“I didn’t know today was your birthday.” The radio played the late afternoon R&B station. “Sweet Dreams/Beautiful Nightmare” plays in low volume in the background. “Yeah, it’s okay.” Birthday balloons float in the backseat. Conversations with her father never seem to last more than five minutes. After all these years they didn’t know each other well. His hairline has receded, grey hairs started to form, and he’s gained much more weight. She sits in the passenger seat remembering the caring young man she knew. He’d pick her up most afternoons from primary school in his 2003 Lexus ES that smelled like black ice air freshener. Back then he cared, and he was her superhero. The dark-skinned boys with their maroon school sweaters steadily teased her about her greasy skin in the yard when 3 pm came. Her dad standing tall and slender at 6’5 would tower over the other parents, and the schoolboys would go quiet. “That’s my daddy!” His excitement matched hers back then. Summers were special because everyone in her house seemed happier and that’s when she got to see her dad more. When the cold weather returned, people’s mood harmonized with the miserable weather. Her parents declared war on one another and things changed in 2005. Now he drives a white van used to pick up passengers from Oxford Street to their destinations as far as Northolt, where she lived. “I won’t get paid till next week; I’ll drop a hundred pounds in the box.” She knew better than to believe this even if it’ll help with uni books.

The resemblance Jared shares with his father is often overwhelming to Dana. His skin is dark, even-toned, with no acne. He has the same almond-shaped eyes the three all had in common. Except she didn’t live up to the height they were granted. If only he got to ride with him in the 03 Lexus on a rare, clear, sunny-sky summer day in London, assisting dad with the stick shift. After all, most boys in this town learn to drive stick from their dads. But when 05 came, Jared was only 3. His memories are dim compared to hers. But just like her father, conversations with her brother are small-measured. Dana walked through the door with Hallmark cards and small stuffed bag gifts from her uni mates. Samantha made her a small baked sponge cake with whipped cream and her favorite strawberry paste. She told Jared about seeing her dad driving by on her way to the Oxford Circus station bound to West Ruislip. His face was emotionless, insisting on not making any eye contact with her, “Anything to do with me?” They often get into arguments, bickering about things siblings usually would but at times they’d go to the extreme. One time they argued in the kitchen, loudly raising their voices. Jared intentionally bumped shoulders with Dana to get past her. She pushed him, and he reached his hand around her neck, nearly choking her.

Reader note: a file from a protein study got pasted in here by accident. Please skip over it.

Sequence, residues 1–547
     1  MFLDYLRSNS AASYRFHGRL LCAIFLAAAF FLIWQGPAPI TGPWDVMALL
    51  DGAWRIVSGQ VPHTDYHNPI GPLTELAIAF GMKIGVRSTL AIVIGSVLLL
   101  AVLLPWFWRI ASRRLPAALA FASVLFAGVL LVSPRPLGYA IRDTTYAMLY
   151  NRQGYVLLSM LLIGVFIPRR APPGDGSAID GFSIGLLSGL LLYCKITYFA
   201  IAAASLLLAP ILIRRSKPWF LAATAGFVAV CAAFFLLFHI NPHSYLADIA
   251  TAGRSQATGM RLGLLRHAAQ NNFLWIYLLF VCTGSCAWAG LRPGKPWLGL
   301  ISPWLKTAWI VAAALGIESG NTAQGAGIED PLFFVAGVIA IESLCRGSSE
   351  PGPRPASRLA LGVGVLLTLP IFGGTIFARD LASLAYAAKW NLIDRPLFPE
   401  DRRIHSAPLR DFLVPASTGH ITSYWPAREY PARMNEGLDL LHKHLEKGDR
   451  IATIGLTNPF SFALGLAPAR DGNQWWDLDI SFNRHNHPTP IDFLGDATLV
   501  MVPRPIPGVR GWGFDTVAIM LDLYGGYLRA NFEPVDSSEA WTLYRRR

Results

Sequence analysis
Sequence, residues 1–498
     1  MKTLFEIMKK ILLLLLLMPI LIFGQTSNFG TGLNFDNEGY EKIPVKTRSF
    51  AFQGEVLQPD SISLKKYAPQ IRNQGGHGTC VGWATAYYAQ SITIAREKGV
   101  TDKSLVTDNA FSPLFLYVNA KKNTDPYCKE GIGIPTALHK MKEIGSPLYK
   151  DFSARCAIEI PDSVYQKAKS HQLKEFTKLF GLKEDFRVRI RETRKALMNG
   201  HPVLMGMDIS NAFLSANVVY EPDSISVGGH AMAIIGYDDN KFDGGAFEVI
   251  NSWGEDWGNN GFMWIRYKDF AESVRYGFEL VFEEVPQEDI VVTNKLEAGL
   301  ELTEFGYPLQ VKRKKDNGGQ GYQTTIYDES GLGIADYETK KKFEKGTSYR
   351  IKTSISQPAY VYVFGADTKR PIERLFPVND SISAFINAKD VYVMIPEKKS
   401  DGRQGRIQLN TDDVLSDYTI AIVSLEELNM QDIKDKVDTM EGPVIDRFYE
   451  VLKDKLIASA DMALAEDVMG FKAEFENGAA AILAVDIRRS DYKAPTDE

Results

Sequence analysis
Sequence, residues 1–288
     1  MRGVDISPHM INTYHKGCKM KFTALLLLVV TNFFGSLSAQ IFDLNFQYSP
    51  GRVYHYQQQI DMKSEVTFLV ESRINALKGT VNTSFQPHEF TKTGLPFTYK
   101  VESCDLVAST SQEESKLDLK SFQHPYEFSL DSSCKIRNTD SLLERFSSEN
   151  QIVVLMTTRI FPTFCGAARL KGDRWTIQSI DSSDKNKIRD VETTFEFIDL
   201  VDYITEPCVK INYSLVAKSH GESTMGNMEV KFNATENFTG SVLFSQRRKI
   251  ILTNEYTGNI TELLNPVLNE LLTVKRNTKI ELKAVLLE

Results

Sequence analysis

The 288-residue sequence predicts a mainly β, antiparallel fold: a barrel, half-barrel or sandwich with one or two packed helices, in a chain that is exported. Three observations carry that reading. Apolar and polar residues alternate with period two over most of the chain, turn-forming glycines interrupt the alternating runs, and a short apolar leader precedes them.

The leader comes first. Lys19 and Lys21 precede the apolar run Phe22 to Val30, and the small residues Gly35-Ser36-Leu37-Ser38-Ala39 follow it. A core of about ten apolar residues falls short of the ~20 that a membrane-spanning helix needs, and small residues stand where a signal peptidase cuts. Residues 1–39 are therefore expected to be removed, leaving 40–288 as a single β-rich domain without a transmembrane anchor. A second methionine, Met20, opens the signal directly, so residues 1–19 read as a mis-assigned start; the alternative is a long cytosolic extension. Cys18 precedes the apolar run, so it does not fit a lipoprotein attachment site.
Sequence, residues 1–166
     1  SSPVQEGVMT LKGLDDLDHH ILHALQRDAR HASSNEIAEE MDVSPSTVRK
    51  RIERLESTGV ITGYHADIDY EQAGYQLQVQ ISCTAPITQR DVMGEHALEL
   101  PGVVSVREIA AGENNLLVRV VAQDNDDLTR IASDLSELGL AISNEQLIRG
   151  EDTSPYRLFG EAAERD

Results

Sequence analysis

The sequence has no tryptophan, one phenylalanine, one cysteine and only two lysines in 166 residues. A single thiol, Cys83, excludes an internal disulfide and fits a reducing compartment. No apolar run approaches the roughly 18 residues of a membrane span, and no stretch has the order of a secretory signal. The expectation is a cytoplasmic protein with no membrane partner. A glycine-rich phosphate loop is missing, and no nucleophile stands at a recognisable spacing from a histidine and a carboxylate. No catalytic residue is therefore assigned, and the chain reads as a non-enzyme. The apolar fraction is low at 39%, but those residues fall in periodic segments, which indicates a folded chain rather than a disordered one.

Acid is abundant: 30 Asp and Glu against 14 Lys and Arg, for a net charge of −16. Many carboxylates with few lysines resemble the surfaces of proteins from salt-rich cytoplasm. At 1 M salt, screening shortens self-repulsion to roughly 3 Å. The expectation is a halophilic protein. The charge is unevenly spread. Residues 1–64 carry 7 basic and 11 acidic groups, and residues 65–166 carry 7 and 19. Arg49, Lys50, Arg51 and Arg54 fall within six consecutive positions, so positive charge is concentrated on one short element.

Reflecting on her birthday in her small room left of a brown brick terraced home a mile away from Shoreditch, where a young man named Eric offered to take her later in the evening. Eric was average height, slim, had long straight black hair midway to his back, and frequently wore loose clothing with eight-eye Dr. Martens. Eric’s side of town in Hackney wasn’t the quiet middle-class neighborhood she grew up in. These streets her mother begged her to avoid was often walk and talk routes with Eric. He wasn’t the type she’d typically be attracted to, but he showed interest in her and cared about the arts in the same way Dana did. Just two days ago in the shared lounge of UAL, she shared a message Eric sent her about taking her to dinner with Samantha who suddenly recalled that only a few months ago, he randomly messaged her online asking for her number. She went on about how she didn’t respond to him then her thoughts on Eric had shifted from her friend’s unwanted input. Dana always had a crush on him in secondary school. Back then he wore baggy jeans, kept his hair cut low a in Caesar style and listened to rap music. Now he’s sitting with her at the local coffee brew across from her Uni discussing musicians like Marvin Gaye, Curtis Mayfield, and Jimi Hendrix all while wearing thin-wired frames on his face. She enjoyed Eric’s company and conversations but couldn’t understand if he was genuine. He only went for the lighter-skinned girls with straight long silky hair in secondary school. What made him interested in her now?

It was close to 7 pm; the sun had already gone down at four. She should’ve been in a cab on her way to Dishroom. Eric received a notification alert on his wait at the Liverpool station, “So sorry. My dad surprised me. Let’s meet next week?”

Ashley McLean is a visual artist from Queens. Her short story was inspired by a brief time she spent in London. Ashley’s essay, “A Painting Turned To Words” is also published in this issue. Ashley has this to say: “‘Absent’ was drawn from my own childhood experiences, and male relationships in my life. It was very important to me for the reader to feel the story in every sense possible, whether through my describing a smell or the weather in a particular city. Although I’m from New York City, I chose London, because I didn’t want it to be completely biographical, and it allowed me to exercise my imagination further.”